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Companion Urns Series Intro: Deciding on a disposition method for the remains of two individuals can be a difficult and confusing process. In this series, drawn from our article “Companion Urns: The Complete Guide“, you will find helpful tips, simple explanations for relevant funeral industry terms, a wide array of options for storing and disposing of a couple’s cremated remains, and answers to common questions about companion cremation urns.
Can a companion urn be used for a large person?
Yes, a companion urn can certainly be used for a larger individual. Since many of our companion urns are simply larger versions of a standard-sized urn, we will often recommend using a companion or double urn when a larger urn is needed.
To calculate what size urn you’ll need, figure that 1 lb of healthy body weight equals 1 cubic inch of remains. This means that a 350 lb person will usually need a cremation urn with a 350 cubic inch capacity. This is a simple way to ensure that you purchase the proper size of urn for any individual, and it is the general practice of most.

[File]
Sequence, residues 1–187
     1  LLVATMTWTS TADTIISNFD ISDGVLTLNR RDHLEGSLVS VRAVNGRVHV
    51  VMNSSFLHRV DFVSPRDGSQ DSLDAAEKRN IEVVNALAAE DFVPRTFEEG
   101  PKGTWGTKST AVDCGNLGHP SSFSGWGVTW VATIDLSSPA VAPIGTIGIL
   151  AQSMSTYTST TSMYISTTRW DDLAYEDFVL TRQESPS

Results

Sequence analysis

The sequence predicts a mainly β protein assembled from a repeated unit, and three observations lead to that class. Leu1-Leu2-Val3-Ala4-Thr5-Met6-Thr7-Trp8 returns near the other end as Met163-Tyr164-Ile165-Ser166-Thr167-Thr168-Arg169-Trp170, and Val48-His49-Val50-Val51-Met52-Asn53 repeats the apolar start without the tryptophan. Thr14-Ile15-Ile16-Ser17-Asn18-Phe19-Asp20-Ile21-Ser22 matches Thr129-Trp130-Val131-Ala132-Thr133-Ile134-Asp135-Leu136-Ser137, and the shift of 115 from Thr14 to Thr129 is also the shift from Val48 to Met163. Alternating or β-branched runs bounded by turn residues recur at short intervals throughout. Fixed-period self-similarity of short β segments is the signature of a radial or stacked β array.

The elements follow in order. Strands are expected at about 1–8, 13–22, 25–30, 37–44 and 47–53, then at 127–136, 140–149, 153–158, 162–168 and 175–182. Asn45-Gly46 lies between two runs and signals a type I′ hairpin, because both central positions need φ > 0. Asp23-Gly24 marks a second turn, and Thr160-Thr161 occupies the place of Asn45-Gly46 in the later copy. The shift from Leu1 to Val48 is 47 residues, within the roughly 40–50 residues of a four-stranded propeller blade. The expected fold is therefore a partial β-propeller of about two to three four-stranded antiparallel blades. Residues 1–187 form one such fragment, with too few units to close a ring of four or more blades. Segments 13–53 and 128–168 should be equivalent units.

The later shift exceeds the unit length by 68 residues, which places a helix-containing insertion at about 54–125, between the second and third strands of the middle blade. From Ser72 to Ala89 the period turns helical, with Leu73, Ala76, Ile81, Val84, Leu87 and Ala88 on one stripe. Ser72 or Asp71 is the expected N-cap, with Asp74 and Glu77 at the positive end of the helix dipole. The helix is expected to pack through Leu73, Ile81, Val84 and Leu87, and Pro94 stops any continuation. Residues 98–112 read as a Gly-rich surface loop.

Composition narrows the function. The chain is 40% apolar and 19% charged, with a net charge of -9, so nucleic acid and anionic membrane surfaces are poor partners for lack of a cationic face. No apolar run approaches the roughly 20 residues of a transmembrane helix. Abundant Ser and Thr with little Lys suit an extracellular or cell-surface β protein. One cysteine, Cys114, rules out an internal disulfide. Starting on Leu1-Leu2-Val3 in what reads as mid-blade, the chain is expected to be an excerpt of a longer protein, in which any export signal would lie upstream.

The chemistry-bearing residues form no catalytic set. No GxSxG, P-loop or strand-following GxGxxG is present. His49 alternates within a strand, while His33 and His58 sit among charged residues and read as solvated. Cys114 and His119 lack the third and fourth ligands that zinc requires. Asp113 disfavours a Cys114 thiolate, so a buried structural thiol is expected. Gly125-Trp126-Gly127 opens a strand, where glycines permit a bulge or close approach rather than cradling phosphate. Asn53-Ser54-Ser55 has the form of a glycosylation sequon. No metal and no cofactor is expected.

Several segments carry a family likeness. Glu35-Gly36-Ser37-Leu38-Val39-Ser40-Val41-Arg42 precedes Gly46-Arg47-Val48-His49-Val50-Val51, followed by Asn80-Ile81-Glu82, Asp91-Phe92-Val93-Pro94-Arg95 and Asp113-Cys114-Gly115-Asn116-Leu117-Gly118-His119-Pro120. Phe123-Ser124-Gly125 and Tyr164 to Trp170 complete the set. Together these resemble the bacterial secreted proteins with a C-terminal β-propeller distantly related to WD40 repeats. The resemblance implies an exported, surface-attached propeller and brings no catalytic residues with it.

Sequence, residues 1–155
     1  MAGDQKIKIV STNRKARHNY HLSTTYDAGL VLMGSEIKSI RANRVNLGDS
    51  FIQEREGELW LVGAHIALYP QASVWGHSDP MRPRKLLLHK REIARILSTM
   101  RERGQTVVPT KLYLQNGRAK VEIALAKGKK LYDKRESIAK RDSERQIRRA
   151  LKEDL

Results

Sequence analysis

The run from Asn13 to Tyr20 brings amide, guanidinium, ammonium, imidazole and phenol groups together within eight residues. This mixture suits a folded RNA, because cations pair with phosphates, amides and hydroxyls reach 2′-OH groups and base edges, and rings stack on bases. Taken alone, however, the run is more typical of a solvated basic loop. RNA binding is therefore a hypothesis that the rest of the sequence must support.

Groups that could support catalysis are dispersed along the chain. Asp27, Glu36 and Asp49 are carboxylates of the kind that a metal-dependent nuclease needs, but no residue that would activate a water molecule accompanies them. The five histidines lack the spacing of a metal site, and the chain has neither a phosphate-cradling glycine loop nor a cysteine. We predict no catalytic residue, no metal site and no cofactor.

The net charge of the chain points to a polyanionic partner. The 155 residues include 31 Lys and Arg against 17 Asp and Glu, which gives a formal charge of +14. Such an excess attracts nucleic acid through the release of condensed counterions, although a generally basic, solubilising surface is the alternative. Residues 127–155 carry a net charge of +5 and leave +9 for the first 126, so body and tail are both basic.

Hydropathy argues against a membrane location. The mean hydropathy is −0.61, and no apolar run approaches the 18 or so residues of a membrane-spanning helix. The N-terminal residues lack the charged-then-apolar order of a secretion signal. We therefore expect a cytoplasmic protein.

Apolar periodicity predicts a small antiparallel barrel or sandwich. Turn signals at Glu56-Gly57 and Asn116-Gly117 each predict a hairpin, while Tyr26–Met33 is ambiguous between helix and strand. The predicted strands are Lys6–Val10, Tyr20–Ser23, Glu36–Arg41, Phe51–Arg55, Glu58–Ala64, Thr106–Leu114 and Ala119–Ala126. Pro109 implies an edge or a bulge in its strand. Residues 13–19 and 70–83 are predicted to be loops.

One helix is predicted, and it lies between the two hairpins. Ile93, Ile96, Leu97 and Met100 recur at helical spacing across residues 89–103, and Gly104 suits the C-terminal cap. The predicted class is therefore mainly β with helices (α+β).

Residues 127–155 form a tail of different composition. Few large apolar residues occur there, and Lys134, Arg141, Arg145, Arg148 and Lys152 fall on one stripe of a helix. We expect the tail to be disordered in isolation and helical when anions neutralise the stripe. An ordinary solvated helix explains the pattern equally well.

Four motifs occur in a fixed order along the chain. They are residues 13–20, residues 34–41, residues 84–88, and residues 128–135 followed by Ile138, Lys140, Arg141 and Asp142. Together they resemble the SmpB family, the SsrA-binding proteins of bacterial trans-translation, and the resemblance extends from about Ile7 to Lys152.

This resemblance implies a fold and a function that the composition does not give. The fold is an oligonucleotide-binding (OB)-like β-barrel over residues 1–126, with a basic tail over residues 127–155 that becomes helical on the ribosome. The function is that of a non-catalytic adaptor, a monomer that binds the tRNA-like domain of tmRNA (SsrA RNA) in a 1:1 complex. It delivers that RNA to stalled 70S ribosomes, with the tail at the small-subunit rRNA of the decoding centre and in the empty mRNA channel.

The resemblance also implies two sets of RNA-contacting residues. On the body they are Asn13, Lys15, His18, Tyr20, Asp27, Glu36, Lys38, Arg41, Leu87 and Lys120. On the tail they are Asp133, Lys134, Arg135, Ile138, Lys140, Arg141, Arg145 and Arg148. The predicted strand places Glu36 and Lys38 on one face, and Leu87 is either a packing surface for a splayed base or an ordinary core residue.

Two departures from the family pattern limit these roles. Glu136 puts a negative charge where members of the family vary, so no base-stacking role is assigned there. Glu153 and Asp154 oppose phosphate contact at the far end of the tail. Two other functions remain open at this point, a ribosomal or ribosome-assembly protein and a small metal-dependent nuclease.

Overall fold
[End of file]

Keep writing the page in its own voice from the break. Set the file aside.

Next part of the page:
However, to get a bit more technical, body weight isn’t the most accurate gauge for measuring needed capacity (although, again, it is the simplest way to calculate how many cubic inches of space in the container you will need).
Since bone matter is what is left after the normal cremation process, the most accurate calculation for the remaining ashes would be based on the “healthy body weight” based on height. Therefore, the ash remaining after the cremation of a 400 lb person should be the same as a 100 lb person of the same height and bone structure.
But since there are additional factors involved in calculating healthy body weight, such as bone density and structure, as well as a slight amount of variation in cremation processes based on region, training, and technology, we advise either getting a larger urn (such as a companion urn) or develop a plan for disposing of additional remains through sharing keepsake urns or scattering.
Here is a handy infographic to help you visualize the disposition options for a larger amount of cremated remains:
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